CFPB Files Federal Lawsuit Against Online Loan Servicer
11/21/2017 4:00 PM
Think Finance LLC, which recently sought bankruptcy protection, allegedly collected debts consumers did not owe.
The Consumer Financial Protection Bureau filed a lawsuit against Think Finance LLC, alleging the company collected payments on debts consumers did not owe.
The CFPB’s complaint, filed in United States District Court District of Montana, alleges that Think Finance, an online loan servicer based in Addison, Texas, “collects on loans that are void under state laws governing interest rate caps or the licensing of lenders,” according to a news release from the CFPB. The loans are void under laws in 17 states.
These actions are violations of the Dodd-Frank Act and Consumer Protection Act, according to the CFPB.
“The bureau alleges that Think Finance made deceptive demands and illegally took money from consumers’ bank accounts for debts that were not legally owed. The CFPB seeks to recoup relief for harmed consumers and impose a penalty,” the news release said.
Think Finance has extended credit and collected payments online since 2011 and also provides software technology, analytics and marketing services to financial clients in the consumer lending industry, according to the complaint. The company also provides similar services, including extending credit and collecting payments, on behalf of three lending businesses owned by Native American Tribes: Great Plains Lending LLC, MobiLoans LLC and Plain Green LLC, according to the complaint.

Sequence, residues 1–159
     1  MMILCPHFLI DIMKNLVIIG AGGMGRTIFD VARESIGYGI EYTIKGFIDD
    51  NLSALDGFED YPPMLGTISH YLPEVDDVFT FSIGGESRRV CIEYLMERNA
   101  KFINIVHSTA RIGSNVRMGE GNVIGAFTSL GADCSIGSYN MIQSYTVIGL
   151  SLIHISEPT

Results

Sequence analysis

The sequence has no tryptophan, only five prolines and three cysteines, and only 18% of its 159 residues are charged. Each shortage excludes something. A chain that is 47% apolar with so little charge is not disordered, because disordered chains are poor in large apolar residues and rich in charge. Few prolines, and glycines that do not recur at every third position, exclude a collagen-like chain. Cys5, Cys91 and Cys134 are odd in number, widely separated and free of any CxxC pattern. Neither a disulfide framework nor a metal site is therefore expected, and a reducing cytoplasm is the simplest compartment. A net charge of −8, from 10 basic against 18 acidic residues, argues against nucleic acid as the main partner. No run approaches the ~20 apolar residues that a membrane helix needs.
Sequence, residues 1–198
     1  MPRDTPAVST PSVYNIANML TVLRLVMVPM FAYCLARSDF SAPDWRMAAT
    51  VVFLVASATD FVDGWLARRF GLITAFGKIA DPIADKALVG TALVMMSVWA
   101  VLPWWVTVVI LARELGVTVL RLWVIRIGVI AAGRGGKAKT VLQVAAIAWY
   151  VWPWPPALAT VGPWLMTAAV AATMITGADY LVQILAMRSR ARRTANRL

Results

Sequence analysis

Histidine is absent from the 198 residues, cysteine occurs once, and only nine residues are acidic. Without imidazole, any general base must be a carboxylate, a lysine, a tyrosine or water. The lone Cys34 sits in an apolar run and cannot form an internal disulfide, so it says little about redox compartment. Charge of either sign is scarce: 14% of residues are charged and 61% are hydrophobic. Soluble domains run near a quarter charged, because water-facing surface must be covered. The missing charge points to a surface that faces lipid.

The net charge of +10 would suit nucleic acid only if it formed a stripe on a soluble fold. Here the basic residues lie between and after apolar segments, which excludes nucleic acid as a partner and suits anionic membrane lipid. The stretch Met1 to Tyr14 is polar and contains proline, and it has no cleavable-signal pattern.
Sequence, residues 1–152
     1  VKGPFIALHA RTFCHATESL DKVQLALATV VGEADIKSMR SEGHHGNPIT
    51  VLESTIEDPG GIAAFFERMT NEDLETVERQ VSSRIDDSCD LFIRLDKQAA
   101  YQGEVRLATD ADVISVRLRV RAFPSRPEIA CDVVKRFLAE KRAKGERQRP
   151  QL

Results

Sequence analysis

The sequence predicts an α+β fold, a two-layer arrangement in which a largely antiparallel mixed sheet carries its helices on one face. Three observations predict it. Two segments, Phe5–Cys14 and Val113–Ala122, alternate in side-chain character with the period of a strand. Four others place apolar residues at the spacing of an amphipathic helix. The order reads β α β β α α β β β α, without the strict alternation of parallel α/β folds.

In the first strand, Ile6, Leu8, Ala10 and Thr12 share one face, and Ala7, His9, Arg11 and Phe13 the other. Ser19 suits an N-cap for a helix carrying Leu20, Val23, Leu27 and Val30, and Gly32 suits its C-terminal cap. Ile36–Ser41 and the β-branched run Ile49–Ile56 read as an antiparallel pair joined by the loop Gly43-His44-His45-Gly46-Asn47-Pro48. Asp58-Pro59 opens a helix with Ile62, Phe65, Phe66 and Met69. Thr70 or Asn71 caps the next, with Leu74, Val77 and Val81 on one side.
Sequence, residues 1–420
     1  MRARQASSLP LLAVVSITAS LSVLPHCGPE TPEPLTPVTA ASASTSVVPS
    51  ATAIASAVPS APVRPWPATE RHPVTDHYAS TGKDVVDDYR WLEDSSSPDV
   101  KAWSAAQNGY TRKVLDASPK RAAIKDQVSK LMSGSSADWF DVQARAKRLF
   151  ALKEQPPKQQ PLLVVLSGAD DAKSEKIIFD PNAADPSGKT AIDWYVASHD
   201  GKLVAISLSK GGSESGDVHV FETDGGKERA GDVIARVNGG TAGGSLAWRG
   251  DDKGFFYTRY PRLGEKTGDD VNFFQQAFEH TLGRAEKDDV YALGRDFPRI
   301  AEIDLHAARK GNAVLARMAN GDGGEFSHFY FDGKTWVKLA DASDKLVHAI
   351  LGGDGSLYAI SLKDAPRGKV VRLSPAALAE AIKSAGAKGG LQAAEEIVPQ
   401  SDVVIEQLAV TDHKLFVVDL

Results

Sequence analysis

Specifically, the CFPB alleges that Think Finance charged interest rates “high enough to violate usury laws in some states where they did business and violation of these usury laws renders particular loans void.”
The company also allegedly did not obtain licenses to issue loans or collect payments in certain states, a practice that also renders particular loans void, and made electronic withdrawals from consumers’ bank accounts and demanded payments by phone or in writing.
Just three weeks ago, The National Law Review reported that Think Finance filed for bankruptcy protection and now speculates that it “may not have the resources to defend itself in this action.”
The CFPB seeks monetary relief for consumers, civil money penalties, injunctive relief and to prohibit Think Finance from collecting on void loans, according to the complaint. The CFPB’s complaint is not a finding or ruling that the company or individual has actually violated the law.
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